Monday, 16 May 2011

Writing for Music: towards The Proportions of the Temple 4

Of course there is the excitement of hearing your words set to music. You wait with bated breath for what the composer has done, and of this, not having been part of the production, none of the poets had a clear idea.

The first part of the evening before the interval consisted of work by Nik Bärtsch, who performed at the piano with the Trio Zéphyr and a quartet of voices. The piano was more than the keys in this case - it was also the strings, the damping of strings, the percussive insistent noise of notes repeated at subtle rhythmic intervals. And some of my words appeared, only in pairs, as contrast, perhaps a phrase, but not the poem as I had written it. So I think, as others might, that perhaps the composer thought the poem was rubbish, that it was simply not musical enough, not poetic enough. The other half of me knows this was how it would be. Don't listen to yourself. Listen to the music. Meanwhile the music goes on, tantalising, measured, and, in the second part, impassioned with a wild aggressive violin flirting and biting at cadences that seem almost Hungarian to me, certainly Eastern European. In any case my words are a part of it.

In the next session it is Agi's long prose poem, and a marvellous thing it is too, the first few lines sung, then spoken, the whole text, in between beats, before the music returns to pick up individual lines. It's like a floor or roof opening up and then being covered up again.

In the interval we get into a conversation with an older man who had been architect for the cathedral, preserving its fabric. We talk architecture for a while - Agi off for a ciggy outside. Then we file back to row Q where you hear everything but don't see much. We could of course have been back in row ZZ where we might have heard less, but now we are hastily moved closer to the front for the second part. And Sian would like the poets to come up at the end, we are told. She'll wave you forward. So now we are in row E which is undoubtedly nicer.

This aspect of the arrangements was odd. No one asked if we wanted tickets till the day before, by which time I had already arranged a pair. The poets were clearly not Important People. But then I never thought we were really, so the shift from Q to E was a surprising promotion, like Colchester United being offered a place in the Premier League. Not that any of this was considered. People are far too busy getting on with preparation, and we were no part of the performance itself. It's very stupid to get social about such things, but there must have been a little hasty revisionism at half-time. So now we were mid-table Premier League, roughly where Spurs or Liverpool currently are. Quite flattering.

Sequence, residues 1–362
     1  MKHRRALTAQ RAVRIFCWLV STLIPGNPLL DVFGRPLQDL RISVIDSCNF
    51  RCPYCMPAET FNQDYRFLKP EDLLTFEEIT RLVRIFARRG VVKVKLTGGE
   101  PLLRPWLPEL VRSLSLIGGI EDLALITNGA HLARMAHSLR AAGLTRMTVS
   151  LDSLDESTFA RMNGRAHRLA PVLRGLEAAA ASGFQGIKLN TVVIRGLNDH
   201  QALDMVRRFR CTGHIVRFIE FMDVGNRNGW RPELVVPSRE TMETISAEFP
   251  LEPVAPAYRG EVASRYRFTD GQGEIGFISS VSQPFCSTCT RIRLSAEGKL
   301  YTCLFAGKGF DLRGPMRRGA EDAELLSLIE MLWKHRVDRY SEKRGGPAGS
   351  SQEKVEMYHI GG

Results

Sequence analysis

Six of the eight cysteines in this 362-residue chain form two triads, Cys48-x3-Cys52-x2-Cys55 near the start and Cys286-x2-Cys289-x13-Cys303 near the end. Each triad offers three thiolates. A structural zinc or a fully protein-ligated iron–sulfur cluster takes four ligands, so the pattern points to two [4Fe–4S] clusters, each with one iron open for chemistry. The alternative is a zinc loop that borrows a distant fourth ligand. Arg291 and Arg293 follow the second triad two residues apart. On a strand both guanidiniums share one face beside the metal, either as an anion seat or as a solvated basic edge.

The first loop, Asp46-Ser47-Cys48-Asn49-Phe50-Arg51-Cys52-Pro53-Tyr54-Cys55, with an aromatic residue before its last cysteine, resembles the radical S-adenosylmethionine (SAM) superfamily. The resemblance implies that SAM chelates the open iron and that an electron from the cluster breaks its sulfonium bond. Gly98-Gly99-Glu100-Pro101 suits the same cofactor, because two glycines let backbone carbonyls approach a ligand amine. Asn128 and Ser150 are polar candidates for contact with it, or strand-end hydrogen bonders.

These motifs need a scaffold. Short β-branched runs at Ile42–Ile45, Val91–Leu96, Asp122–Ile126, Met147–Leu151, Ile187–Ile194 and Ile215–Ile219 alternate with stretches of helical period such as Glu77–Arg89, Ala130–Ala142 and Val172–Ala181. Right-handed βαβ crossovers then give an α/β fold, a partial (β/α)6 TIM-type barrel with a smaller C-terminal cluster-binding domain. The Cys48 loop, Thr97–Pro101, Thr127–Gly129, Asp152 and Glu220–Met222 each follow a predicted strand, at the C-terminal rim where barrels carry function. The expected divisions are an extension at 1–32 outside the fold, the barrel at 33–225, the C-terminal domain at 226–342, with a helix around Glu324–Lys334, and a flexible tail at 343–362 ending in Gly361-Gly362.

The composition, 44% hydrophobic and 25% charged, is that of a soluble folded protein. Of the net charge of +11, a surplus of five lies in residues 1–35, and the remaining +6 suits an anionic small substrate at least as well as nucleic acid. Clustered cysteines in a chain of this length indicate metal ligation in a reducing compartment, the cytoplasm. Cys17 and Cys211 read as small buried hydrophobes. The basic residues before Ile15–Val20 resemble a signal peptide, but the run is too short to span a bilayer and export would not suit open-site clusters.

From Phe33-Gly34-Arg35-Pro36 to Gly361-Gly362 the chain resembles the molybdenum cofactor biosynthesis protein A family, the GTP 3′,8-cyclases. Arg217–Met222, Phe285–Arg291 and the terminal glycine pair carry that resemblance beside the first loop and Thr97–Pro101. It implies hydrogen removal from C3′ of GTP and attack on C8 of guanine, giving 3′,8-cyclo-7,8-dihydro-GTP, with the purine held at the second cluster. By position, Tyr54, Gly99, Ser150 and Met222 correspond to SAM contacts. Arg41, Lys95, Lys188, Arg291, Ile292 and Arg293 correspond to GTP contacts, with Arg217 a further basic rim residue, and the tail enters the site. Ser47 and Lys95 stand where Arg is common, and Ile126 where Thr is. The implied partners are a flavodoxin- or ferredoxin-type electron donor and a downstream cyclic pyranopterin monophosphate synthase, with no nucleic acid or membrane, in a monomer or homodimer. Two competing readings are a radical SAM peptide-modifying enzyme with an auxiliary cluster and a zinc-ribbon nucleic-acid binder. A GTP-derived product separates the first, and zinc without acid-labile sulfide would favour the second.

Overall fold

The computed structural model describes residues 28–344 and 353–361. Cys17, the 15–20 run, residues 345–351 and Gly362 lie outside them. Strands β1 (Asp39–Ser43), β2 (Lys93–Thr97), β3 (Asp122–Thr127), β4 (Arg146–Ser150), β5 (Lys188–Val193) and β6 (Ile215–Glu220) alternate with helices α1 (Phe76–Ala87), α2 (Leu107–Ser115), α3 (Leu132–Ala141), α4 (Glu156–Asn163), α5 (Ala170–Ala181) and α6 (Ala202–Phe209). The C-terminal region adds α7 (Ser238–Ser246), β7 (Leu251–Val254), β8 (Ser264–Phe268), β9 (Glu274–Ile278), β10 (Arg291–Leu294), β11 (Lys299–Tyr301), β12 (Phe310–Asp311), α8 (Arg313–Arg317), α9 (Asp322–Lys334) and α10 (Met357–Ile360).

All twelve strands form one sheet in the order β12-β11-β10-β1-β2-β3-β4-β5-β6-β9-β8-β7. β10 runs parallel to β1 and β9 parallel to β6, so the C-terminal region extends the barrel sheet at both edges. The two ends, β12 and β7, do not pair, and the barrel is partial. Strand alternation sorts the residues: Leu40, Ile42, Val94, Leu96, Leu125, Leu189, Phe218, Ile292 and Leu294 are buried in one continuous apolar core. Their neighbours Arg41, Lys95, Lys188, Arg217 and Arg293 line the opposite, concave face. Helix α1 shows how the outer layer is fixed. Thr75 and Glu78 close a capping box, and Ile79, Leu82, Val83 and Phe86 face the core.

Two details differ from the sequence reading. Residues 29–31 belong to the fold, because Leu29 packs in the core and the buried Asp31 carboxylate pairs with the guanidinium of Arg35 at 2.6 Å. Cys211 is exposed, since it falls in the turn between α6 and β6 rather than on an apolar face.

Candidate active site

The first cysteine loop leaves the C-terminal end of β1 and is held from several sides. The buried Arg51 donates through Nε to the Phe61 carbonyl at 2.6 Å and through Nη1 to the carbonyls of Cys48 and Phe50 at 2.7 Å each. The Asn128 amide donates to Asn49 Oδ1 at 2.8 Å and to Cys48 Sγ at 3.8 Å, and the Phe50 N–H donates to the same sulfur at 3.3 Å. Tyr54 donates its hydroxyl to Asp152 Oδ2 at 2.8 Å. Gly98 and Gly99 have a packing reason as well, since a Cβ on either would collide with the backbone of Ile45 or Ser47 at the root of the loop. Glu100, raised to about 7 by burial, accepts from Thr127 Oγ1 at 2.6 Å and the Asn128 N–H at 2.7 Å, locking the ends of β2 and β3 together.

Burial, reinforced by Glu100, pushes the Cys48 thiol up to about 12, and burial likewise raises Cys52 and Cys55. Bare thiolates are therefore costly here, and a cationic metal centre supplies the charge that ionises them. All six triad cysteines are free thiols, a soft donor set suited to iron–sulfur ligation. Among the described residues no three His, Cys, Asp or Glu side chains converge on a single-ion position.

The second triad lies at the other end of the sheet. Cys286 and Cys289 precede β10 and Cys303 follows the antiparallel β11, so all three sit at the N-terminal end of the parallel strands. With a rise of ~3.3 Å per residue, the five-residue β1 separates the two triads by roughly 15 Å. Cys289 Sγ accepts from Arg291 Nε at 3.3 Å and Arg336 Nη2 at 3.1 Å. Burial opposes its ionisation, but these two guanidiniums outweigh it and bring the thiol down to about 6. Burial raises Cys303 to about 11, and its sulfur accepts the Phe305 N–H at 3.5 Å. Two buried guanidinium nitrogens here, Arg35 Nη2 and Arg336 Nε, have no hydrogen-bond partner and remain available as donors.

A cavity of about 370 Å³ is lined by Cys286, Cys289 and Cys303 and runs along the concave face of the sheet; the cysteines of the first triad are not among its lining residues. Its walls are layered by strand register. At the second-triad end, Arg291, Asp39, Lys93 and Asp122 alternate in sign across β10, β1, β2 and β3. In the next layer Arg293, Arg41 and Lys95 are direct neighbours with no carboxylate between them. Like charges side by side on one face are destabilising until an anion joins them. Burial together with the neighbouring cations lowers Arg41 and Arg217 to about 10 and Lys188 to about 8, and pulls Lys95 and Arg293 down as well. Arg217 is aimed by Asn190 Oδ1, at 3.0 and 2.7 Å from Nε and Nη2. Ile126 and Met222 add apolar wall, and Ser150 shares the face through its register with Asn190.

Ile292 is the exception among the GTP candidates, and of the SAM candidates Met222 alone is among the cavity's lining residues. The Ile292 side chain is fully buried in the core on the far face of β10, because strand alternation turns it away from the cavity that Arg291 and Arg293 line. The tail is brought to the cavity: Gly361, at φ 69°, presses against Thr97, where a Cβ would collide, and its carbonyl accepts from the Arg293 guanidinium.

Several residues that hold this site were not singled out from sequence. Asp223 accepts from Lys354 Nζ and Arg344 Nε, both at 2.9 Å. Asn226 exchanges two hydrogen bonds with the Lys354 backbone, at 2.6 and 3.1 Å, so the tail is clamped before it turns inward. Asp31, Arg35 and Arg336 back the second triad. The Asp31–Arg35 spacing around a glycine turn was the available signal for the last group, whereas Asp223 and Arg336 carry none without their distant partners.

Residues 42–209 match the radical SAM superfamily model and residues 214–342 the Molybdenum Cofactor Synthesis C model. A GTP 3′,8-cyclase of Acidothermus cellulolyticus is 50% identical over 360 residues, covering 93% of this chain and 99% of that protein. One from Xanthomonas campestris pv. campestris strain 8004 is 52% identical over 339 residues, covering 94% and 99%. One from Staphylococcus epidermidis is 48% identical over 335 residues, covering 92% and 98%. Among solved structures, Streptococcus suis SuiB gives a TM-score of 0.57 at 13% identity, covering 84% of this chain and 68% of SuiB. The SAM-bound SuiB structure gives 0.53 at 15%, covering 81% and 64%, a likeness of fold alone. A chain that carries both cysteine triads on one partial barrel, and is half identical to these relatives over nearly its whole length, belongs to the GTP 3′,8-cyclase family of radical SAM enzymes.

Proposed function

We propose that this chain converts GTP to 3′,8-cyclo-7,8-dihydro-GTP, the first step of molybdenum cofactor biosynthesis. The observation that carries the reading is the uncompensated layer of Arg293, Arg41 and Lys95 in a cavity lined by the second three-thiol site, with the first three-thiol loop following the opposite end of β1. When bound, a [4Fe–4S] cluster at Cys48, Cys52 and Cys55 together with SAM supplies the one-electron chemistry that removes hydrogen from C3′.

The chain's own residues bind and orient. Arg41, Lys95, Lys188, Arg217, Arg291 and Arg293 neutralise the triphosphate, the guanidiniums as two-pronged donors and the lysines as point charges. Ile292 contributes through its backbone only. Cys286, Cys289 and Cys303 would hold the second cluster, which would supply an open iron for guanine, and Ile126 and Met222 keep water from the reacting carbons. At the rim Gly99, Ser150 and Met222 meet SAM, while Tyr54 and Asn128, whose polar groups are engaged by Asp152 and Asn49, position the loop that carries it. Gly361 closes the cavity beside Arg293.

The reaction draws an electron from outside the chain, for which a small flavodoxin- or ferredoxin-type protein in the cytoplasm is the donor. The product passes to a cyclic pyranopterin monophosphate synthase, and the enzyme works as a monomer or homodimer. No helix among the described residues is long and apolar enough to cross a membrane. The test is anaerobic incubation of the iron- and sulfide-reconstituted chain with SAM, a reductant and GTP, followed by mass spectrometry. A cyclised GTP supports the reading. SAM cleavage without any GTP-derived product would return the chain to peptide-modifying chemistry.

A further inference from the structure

The second half was sublime throughout. The poems were used in a more thoroughgoing way and having the words in the programme (in which Jon had spoken warmly of some lines of mine, that were to prove to be the finale) was helpful, even in the growing dark.

What made it sublime? Scale must be part of the answer. The sheer dimensions of volume, pace, dark and light. But not just scale. I think it might be the level of comprehension. I don't mean of the words as such, the skin-text, but of something the skin-text had sprung from, some gene that the music turned into a potential body. The moving experience for a poet hearing his own words sung back to him in this way is that he feels he is being heard beyond himself (substitute she and her in Agi's case, though I cannot speak for her). It is not so much that the words are being interpreted, as that both words and music are facing the same way, looking into a space beyond either, but guessed at or intuited, so both are bigger for each other, though in this case, of course, the music is the truly big thing, that and the performance, without which music itself is only a multi-dimensional idea without a body.

The space the music was exploring was the cathedral and the meaning of the cathedral as a human act. It was the body moving about the cathedral. Anyone can experience that as they move about inside the building: whether they are religious is not is beside the point. There is the sky, there the ground, there the cathedral with its living and its dead. No one can help noticing that. The building as an expansion of the physical consciousness. You don't need to articulate it. It's just there. The music - the song - articulates it in its own way.

Which is why it is so moving. The conductor, the composers, the performers, the choir and the poets took their bows. The choir dispersed or headed for the party nearby as did we after a while. The words returned to the page, and maybe the page will become part of a book. So they separate again, the words returning to the street of spoken voices, muddling or rushing along on their business, the music still holding its space in the cathedral.

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